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Had we, as a species, not been endowed with the ability to learn from the mistakes and errors of others, as well as develope and implement improvements onto those previous works of others, then, we would all most likely still be living in caves and fighting our battles with sharp sticks.

This forum has shown little development in improvement on the works of others.

Long ago, while assigned to the 82nd Airborne Division, and conducting research relative to why the Battallion was not doing well on it's annual ORT (Operational Readiness Testing), the Battallion Commander, who had assigned me the task, gave some highly valuable information.

"Tom, for the most part, no matter what you do in life, someone has done something similiar prior, and there is something written on the subject.

If you will find all that you can that has ever been written on the subject and study it, and you at least avoid making the same errors as those who had studied the subject prior to you, then you will always have done better than they did.

This forum, along with many of it's members, certainly has the ability to present factual research.

Unfortunately, it has become somewhat "tainted" due to a variety of reasons.

Might I thusly recommemd.

As "Sub-Divisions", this forum should develop specific topics which deal with such "Specialized" topics as:

1. The Rifle

2. The Bullets

3. LHO's true family backgrouond

4. The First Shot

5. The Second Shot

6. The Third Shot

7. Any additional shots

etc; etc; etc;.

Thereafter, sub-topic, can be concentrated on by those who show specific interest in resolution to that specific problem.

By "Volunteering", a member can join a specific sub-division topic, and members are required to work in much the same manner as any "Study Group".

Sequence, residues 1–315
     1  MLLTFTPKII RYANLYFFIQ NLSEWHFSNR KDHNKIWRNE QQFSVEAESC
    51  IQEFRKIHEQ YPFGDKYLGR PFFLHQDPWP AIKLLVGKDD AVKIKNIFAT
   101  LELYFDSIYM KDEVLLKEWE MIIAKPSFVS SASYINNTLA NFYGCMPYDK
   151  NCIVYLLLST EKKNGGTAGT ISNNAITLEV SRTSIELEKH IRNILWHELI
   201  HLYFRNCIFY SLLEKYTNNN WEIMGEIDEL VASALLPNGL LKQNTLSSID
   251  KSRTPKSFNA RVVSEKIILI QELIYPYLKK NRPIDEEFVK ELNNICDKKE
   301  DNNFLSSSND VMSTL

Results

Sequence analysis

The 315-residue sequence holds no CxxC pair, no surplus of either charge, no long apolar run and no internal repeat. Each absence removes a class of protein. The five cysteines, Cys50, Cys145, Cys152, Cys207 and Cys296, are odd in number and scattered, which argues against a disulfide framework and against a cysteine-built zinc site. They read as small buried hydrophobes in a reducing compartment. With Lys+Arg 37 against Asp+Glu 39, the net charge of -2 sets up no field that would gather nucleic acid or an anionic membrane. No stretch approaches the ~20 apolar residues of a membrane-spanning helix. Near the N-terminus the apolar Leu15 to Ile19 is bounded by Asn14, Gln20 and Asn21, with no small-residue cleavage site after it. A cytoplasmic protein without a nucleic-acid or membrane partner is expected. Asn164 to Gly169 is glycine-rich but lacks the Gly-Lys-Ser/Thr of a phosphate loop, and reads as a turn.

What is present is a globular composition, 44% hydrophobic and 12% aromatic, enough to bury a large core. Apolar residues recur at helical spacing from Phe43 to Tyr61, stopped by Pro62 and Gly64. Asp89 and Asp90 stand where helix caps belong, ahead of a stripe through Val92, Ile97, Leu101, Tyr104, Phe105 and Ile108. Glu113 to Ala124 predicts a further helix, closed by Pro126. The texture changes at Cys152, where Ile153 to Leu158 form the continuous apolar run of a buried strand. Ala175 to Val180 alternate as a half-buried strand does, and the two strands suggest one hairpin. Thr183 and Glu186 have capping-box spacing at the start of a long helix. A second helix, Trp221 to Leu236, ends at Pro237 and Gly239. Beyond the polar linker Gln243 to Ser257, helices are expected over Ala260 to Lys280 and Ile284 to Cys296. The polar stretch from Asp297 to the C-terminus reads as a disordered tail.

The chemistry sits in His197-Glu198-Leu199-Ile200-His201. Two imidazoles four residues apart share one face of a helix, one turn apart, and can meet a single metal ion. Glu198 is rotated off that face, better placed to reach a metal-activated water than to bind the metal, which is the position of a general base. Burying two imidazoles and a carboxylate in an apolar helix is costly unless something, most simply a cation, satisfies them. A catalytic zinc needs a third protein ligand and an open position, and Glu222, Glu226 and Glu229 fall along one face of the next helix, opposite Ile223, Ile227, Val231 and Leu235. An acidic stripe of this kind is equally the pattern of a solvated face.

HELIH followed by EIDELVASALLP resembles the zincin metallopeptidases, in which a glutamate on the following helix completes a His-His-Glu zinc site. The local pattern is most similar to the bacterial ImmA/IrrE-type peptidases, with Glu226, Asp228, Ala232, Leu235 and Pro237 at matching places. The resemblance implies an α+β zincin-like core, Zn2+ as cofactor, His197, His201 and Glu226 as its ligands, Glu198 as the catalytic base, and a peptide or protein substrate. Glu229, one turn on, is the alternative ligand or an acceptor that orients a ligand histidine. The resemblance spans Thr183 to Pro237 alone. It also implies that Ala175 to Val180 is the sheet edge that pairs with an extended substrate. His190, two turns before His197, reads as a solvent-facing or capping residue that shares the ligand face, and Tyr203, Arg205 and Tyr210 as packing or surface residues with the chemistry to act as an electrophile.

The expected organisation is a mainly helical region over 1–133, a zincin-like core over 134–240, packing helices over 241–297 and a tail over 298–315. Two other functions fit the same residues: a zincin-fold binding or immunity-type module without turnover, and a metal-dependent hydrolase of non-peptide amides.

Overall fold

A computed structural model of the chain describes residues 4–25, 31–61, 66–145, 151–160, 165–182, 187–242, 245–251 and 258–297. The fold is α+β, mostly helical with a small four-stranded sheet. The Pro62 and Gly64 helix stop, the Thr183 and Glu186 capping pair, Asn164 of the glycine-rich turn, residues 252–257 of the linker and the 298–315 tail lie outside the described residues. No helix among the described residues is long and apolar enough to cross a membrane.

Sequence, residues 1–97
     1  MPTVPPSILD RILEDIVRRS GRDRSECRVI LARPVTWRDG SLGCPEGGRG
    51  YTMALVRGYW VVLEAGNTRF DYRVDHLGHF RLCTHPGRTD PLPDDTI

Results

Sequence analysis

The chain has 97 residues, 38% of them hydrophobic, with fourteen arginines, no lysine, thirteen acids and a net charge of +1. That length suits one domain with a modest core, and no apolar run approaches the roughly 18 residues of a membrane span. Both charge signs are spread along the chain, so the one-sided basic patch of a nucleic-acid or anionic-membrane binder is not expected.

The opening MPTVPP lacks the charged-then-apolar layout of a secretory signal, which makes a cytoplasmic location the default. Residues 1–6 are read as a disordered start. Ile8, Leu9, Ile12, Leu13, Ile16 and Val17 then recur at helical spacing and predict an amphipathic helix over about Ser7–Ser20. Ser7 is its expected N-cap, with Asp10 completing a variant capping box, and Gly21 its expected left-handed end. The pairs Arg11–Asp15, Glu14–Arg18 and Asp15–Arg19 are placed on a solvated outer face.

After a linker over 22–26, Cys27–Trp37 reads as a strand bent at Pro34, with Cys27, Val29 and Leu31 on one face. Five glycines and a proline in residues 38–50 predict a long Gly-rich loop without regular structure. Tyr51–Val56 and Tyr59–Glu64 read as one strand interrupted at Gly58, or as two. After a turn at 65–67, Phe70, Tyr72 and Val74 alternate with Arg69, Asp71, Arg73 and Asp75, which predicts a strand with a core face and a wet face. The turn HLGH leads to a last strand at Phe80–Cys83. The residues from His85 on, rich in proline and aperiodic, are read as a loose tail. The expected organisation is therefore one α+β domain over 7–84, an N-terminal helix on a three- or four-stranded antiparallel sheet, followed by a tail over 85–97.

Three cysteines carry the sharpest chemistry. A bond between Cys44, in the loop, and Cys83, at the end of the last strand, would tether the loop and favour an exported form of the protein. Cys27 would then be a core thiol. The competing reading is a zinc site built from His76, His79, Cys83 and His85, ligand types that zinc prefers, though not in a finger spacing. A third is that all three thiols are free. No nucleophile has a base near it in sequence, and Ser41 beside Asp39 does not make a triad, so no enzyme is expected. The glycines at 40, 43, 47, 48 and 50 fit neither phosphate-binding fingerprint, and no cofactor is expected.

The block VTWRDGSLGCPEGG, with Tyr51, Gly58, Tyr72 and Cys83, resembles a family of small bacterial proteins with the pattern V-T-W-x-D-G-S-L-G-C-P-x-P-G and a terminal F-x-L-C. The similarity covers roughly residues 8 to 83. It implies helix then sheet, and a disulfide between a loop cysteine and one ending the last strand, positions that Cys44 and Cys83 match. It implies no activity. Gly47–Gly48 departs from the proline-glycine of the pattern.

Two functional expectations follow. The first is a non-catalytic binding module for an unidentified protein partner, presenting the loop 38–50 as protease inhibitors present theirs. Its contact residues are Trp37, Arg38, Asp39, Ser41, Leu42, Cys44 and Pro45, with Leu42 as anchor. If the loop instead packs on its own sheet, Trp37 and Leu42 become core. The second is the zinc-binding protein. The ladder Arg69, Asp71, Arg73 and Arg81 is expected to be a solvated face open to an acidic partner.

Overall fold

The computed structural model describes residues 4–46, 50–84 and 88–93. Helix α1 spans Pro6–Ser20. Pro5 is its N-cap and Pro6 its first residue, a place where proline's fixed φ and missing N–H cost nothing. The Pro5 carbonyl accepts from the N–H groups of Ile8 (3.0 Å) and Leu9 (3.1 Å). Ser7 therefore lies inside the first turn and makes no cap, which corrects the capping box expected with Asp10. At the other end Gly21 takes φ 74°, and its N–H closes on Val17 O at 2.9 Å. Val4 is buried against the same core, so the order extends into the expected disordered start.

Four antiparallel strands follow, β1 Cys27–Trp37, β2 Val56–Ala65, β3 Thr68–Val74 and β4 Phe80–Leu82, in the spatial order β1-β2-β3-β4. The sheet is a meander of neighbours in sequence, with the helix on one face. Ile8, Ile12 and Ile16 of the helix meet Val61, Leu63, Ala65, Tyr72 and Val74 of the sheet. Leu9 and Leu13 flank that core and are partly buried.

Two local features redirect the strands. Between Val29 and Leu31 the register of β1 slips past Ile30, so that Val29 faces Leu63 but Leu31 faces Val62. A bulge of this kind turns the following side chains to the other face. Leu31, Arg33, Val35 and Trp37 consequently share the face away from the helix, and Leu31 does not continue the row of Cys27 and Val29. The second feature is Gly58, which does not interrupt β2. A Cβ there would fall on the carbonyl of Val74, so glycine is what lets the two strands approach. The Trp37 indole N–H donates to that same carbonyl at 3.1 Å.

By concentration on, and presentation of ONLY the known and understood facts, then it is not that difficult to terminate much of the BS which has been, and continues to be spread in regards to various topics.

Thereafter, the main Forum can present the "Consensus" of whatever the study group's research claims, and thereafter others can take their shots at it.

After 40+ years, the topic of the JFK assassination has now become so mired in rumor; hearsay; half-truth; innuendo; and pure old unadulterated BS, to the extent that few know what to, or what not to believe and accept.

As well as the fact that few are willing to expend the time; energies; and monies to verify exactly what is and what is not BS.

In event that this forum wishes to attract the likes of "Educators" as well as persons who actually know the proper protocol for research methodology, then it is time to demonstrate that it can cater to persons of this educational capability.

In that regards, it would also be of benefit to begin to "cull" membership posting to items which have at least some basis in fact and which the individual has done at least some personal reserach/homework on.

One merely has to look at some of the complete and unadulterated repetative ignorance of some of the postings here, in order to observe exactly why many who truly consider themselves educators and/or researchers are not willing to dig through the BS in hopes that there is some diamond at the bottom of the pile.

Generally speaking, all that one will find is more BS.

One will not find the facts and truths of any specific item related to the assassination of JFK until such time as that which is truly fact is separated from that which is pure BS.

As a species which has placed man on the moon, rest assured that resolving exactly how JFK was assassinated is a quite simple task.

And, might I recommend that one determine this prior to launching off looking for items such as multiple assassins and body snatchers (which never existed in the first place).